The ongoing general election campaign is like none other India has witnessed since independence. The ruling Bharatiya Janata Party’s repeated invocation of hate against ‘others’, particularly Muslims, is indeed stunning in a democracy whose constitution remains committed to secularism.
The BJP leadership is, without exception, stoking the flames of a burning fire. From the top of the chain of command – the prime minister and the BJP president – to the home and finance ministers, the entire party leadership is orchestrating a campaign that hinges on suspicion and hatred of a citizenry that includes minorities, dissidents, activists and opposition parties. Nobody other than the BJP leadership and its faithful has been spared the brunt of virulence in this unprecedented electoral campaign.
In villages as in small towns and cities, the ruling party is openly seeking a second mandate in the name of the Hindu majority community to govern a country that is as diverse as India. Whatever basic pretension or mealy-mouthed commitment the BJP might have made in the past to represent all of India’s citizens, regardless of caste and religion, has dissipated into thin air. This is a campaign of fear and hostility.
If the BJP president, at a rally in north Bengal, described illegal Bangladeshi immigrants as “termites,” the prime minister, at a rally in Wardha, said Hindus would teach the Congress a lesson for coining the term “Hindu terror”.
At a rally in Gujarat, the home minister said that the BJP-led government will tighten the sedition law to an extent that will “send shivers down the spine”.
Finance minister Arun Jaitley, on his part, observed that the BJP poll manifesto was prepared with a strong nationalist vision, and not inspired by a “tukde tukde mindset”.
Union minister Maneka Gandhi told a gathering in UP’s Sultanpur last Thursday that she would not be inclined to help Muslims if they do not vote for her in this election: “Vote for me or don’t come to me for any work after elections.”
The use of such staggering vocabulary suggesting punitive violence is important to note. Dehumanising a fantasised enemy is perhaps one of the oldest stock-in-trade strategies used by majoritarian political forces the world over. The majority ethnic Hutus in Rwanda, who carried out the mass slaughter of Tutsis in 1994, described the members of the minority group as “cockroaches”. Nazis frequently compared Jewish people to insects. Ring a bell?
For the BJP, the process of abusing its opposition began much ahead of the 2019 general election. At a rally in Mumbai last April, ridiculing the opposition parties’ move to form a grand anti-BJP alliance, Amit Shah said the BJP was like a “flood”: “And when flood comes, all cats, dogs, snakes and mongooses take refuge under the banyan tree and unite.” His recent labelling of illegal Bangladeshi immigrants as “termites” is part of that same political culture.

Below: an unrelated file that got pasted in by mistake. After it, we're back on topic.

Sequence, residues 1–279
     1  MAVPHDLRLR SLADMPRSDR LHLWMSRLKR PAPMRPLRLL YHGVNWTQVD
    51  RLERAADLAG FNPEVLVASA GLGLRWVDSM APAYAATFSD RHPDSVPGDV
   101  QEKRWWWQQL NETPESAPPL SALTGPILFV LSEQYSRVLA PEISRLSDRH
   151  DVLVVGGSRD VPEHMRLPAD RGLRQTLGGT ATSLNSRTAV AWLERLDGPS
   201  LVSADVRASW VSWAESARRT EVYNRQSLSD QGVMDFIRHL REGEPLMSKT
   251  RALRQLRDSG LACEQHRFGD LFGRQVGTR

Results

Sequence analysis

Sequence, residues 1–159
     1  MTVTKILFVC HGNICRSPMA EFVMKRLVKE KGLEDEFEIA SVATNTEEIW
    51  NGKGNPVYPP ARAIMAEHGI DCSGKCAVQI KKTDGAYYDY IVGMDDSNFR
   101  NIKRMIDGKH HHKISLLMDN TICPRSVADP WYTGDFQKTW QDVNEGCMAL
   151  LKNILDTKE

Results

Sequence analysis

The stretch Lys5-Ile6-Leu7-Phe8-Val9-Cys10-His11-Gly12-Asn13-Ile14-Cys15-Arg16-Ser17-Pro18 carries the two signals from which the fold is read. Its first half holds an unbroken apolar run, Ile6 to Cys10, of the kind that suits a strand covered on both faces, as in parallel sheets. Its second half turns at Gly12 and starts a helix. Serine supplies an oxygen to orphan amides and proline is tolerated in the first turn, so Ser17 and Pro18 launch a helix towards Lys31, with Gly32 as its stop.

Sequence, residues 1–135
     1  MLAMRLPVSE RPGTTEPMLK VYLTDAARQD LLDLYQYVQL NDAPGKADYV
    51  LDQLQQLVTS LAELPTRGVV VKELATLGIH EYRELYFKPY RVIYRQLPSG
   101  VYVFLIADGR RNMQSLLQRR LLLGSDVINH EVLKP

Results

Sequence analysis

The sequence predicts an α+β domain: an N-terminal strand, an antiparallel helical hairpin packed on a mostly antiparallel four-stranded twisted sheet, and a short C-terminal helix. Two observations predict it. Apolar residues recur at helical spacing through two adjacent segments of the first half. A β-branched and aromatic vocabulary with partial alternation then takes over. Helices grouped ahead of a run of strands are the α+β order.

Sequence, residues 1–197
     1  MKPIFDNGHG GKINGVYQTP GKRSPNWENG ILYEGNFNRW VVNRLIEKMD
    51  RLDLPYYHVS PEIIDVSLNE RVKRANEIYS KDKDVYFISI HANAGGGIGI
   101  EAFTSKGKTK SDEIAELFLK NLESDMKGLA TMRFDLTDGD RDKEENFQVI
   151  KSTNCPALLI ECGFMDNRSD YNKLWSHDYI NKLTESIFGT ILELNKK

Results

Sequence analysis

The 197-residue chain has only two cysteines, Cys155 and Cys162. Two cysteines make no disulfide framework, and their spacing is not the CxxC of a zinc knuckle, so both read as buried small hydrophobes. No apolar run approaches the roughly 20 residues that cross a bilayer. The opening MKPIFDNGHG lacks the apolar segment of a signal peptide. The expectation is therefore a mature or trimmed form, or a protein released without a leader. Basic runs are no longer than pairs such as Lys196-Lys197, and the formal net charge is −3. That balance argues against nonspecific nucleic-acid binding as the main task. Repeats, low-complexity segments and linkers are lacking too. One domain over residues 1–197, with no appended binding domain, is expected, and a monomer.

Given the rise in violence against Muslims that we have witnessed over the last five years, the BJP knows how easy it would be to rile up its majoritarian support base; how easy it would be to paint illegal Bangladeshi immigrants in broad strokes; to make them stand in for the Muslim community as a whole.
But that’s not all. The BJP’s campaign, as it unravels, is both politically dangerous and socially regressive. Consider, for instance, Modi’s recent speech at a rally in Kozhikode in Kerala. “Certain forces were trying to destroy our cultural traditions in the name of the Supreme Court order. We cannot allow any attack on our traditions and faith,” Modi told the crowd. Alluding to the conflict over women of menstruating age entering Sabarimala temple, Modi privileged a regressive, patriarchal cultural norm over the Supreme Court’s judgment.
Last September, the apex court scrapped an archaic custom disallowing women of menstruating age from entering Sabarimala. Throwing open the doors of the temple to women of all ages, Justice D.Y. Chandrachud said: “Prejudice against women based on notions of impurity and pollution associated with menstruation is a symbol of exclusion. The social exclusion of women based on menstrual status is a form of untouchability which is anathema to the Constitutional values.”
Defying the judgment, the BJP’s Kerala unit, encouraged by the party’s central leadership, has been up in arms against the CPI(M)-led Left Democratic Front (LDF) government, which has gone all out in implementing the court order. In his Kozhikode speech, the prime minister made it clear where he and his party stand on gender equity and gender justice.
Regrettably, as we have seen over the last five years, civil society resistance to the verbal and physical abuse of Muslims, Dalits and dissidents, has – to put it mildly – been disappointing. The climate of fear has worked to the advantage of the BJP. Since the party came to power, we have watched images of mob lynchings play out across the country, particularly in the Hindi heartland, the BJP’s ideological cradle. Such incidents continue even today as the BJP scales up its aggressive campaign, rallying Hindus and whetting an appetite for revenge against an imaginary enemy.
In the very latest, less than a week after an elderly Muslim man was abused by a mob in Assam last week, Prakash Lakra, a member of the tribal community in Jharkhand’s Jhumro village was lynched to death by a group of people.
Faced by this situation, one has to wonder whether there is more than a grain of truth to the hyperbolic claim that these elections will decide whether this country survives in recognisable form over the five years to come.